So you want to buy a telescope for an aspiring young Astronomer and are confused as to what is the best choice. This is a situation that many parents find themselves in. They are blinded by the vast array of types and sizes, some are very basic while others look like the very pinnacle of sophistication.
For a first telescope you will want to keep things very simple and there will primarily be two choices recommended to you. The first of the two telescopes you should consider is known as a Newtonian and is named after the famous English Astronomer and Mathematician Sir Isaac Newton .
The Newtonian is of a type known as a Reflector . It consists of a tube which is open at one end and has a concave mirror at the other. Light from the star enters the open end of the tube and travels down to the mirror, here the light is collected and reflected back up the tube to a small mirror known as the diagonal. This smaller second mirror projects the image at a 90 degree to the side of the tube where the image is picked up by the eyepiece. A 114mm – 4.5″ reflector is a good size of scope for the novice and will give wonderful views of star clusters and nebulae. Most scopes will come supplied with two or three eyepieces, a diagonal and probably a Barlow lens as well . Shop around and get value for money; there are bargains out there to be had.
Your second choice of telescope will be the venerable old refractor . It was with a refractor that Galileo first glimpsed the moons of Jupiter in 1609 . The refractor is an extremely durable design. It is a tube with a lens at one end called the objective; this lens collects the light from the stars and brings them to a focus at the rear of the scope.As in the Newtonian the image is projected into the eyepiece.
A 60mm refractor will prove to be a most excellent instrument for a youngster and is quite simply a brilliant telescope for lunar observation. It will also prove to be a very effective tool for observing variable stars. If you want a scope for life go for a refractor; if you or your child ever upgrade to a larger scope the 60mm can be fastened to it and used as a guide scope .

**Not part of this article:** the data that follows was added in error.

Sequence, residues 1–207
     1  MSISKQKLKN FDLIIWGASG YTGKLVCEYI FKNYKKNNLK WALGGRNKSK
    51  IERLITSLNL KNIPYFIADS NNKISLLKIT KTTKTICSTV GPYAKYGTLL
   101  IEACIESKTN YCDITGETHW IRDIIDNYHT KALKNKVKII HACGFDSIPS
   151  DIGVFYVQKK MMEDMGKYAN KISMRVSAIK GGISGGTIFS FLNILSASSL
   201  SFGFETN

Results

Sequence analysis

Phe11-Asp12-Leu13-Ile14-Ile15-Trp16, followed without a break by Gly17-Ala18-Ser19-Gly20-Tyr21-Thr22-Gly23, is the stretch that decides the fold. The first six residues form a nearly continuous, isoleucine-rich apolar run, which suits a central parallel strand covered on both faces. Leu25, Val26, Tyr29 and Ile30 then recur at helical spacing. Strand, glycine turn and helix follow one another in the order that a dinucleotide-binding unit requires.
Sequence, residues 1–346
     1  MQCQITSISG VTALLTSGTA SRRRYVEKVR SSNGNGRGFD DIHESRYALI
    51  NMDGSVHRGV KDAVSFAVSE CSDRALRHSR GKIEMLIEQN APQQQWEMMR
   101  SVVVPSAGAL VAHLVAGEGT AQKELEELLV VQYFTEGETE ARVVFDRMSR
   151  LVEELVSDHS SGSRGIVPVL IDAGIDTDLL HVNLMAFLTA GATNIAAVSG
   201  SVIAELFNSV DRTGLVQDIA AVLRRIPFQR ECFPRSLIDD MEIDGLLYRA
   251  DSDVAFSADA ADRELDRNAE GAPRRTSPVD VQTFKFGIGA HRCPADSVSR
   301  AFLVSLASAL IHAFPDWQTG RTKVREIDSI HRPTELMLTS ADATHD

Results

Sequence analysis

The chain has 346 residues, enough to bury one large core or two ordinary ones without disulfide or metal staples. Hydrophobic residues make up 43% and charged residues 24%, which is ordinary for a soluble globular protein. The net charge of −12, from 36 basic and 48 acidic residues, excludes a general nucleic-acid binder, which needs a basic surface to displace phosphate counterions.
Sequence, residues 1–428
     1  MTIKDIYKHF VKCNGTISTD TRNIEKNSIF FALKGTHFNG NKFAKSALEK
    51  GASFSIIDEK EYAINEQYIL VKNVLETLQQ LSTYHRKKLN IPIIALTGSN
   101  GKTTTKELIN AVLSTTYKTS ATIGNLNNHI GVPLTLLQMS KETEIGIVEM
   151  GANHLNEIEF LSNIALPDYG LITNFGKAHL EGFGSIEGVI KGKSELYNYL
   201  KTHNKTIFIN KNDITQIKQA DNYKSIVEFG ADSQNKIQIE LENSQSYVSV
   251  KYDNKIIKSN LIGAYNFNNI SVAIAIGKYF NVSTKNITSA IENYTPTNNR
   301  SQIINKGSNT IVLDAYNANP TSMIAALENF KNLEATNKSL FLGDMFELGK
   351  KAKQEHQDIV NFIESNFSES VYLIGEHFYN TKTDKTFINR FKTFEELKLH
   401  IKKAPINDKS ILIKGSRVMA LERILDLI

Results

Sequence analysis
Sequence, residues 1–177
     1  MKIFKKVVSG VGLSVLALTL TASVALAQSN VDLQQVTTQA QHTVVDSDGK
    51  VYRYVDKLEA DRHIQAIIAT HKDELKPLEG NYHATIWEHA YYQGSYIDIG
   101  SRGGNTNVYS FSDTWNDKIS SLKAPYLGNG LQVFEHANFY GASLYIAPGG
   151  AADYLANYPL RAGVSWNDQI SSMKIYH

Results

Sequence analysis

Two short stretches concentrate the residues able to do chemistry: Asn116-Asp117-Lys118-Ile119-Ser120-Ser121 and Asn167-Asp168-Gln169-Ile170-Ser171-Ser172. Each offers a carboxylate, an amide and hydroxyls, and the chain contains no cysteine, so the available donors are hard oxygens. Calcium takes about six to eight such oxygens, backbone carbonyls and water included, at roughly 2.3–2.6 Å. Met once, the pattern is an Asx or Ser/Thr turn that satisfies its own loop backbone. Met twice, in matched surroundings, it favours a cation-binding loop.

The final consideration to be taken in hand is which type of mount to choose for your scope. Given that we are talking about a mount for a youngster, the only recommendation I would consider is that of an Alt – Azimuth; this brilliantly simple design is the same as that used in a gun turret.
It can be rotated through 360 degrees and elevated to 90 degrees. The simplicity of its design means that the telescope can be easily handled by kids and adults alike.
The other choice available is the clever Equatorial type . It uses a two axis system for very accurate alignment. These axis are known as right ascension RA and declination DEC. When the declination is aligned with the pole star, the telescope is able to track the motion of the stars across the night sky.
Although the Equatorial design is the most desirable of the two types, it is very difficult to get to grips with; and for a child it will simply get in the way and probably spoil their enjoyment. So my recommendation for your youngster’s first telescope would be a 60 or 70 mm refractor with a focal length of about 700 to 900 mm. It should be mounted on a sturdy aluminium or wooden tripod fitted with a quality alt – azimuth head. It should come with at least two eyepieces, a star diagonal, and a Barlow lens . And remember…Shop around…Bargains to be found!